3. Get the ball to Gabe Marks:
In the Air Raid offense everyone is going to get touches. For the most part, the opposing defense will dictate who gets the ball. However, there are always ways to get your playmakers the football, especially on third down. Washington State had several big drops in this game. And from watching the first four games, I believe that Gabe Marks is not only the Cougars' most consistent pass catcher, but also the one who can make the most happen after the catch. He will have to be a guy that factors more into this offense if WSU is going to compete against the best in the Pac-12.

DESPITE ALL THE doom and gloom that always accompanies a loss, there were also some good things that stood out from the game against Stanford.

1. Connor Halliday:
Prior to his injury, Connor was playing exceptionally well. He wasn't perfect, but he also got killed by those drops. Against arguably the best defense in the conference, Saturday night in Seattle was the best I had seen him control a game. He made throws into tight windows, threw the ball away against pressure and checked the ball down to his running backs when there was nothing downfield. Halliday is continuing to improve and that should give the Cougars a lot of confidence going forward.

2. No. 20:
Deone Bucannon was, again, all over the place. He makes tackles in the box, made plays in man coverage as well and he had the range to cover the deep zones. Damante Horton got completely beat on a slant-and-go, but Bucannon's ability to read and recover led to the interception that gave WSU their best chance before halftime. The Cougars were playing Cover-4 on that play so that was Horton's route to defend. Deone saw that the inside receiver ran the short slant and quickly bailed to cover the deep quarter that Horton had left open. It was a great play by the WSU safety. In a game where some of the Cougar secondary got exposed, Deone Bucannon was clearly a bright spot.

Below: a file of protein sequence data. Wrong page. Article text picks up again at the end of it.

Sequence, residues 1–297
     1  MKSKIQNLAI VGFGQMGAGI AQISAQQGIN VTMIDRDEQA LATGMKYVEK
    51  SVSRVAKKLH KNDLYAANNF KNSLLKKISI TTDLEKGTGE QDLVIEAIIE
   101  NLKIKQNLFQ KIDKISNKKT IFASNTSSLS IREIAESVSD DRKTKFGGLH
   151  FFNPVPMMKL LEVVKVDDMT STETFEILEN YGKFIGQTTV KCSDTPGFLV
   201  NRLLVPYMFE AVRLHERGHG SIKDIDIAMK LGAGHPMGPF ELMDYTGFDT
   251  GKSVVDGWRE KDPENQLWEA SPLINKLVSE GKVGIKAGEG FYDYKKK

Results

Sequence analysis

3. The Cougar Front Four:
For all the talk about Stanford being a power run team, they didn't do a whole lot of running the first half. While the game was still within reach, the Washington State defensive line (I'm including the BUCK here) did an excellent job handling the Cardinal running game. Unfortunately, the combination of d-line and linebacker blitzes also led to open zones in the pass game that Stanford exploited. Against a good team, sometimes you have to pick your poison. Mike Breske elected to stop the run. In the end, the Cougs got burned through the air but I was still impressed the front four held up against such a good running attack.

ABOUT THE AUTHOR: Alex Brink was the starting quarterback at Washington State from 2004-2007, throwing for more yards and touchdowns than anyone in school history – and the third-most yards in Pac-10 history. He was picked second-team all-Pac-10 twice and honorable mention once. Drafted in the seventh round by the Houston Texans in 2008, he spent a season on their practice squad before playing three years in the Canadian Football League with the Winnipeg Blue Bombers from 2010-2012. Brink is currently the head quarterbacks coach for the Barton Football Academy based in Portland. He can be found on twitter at @AlexBrink10.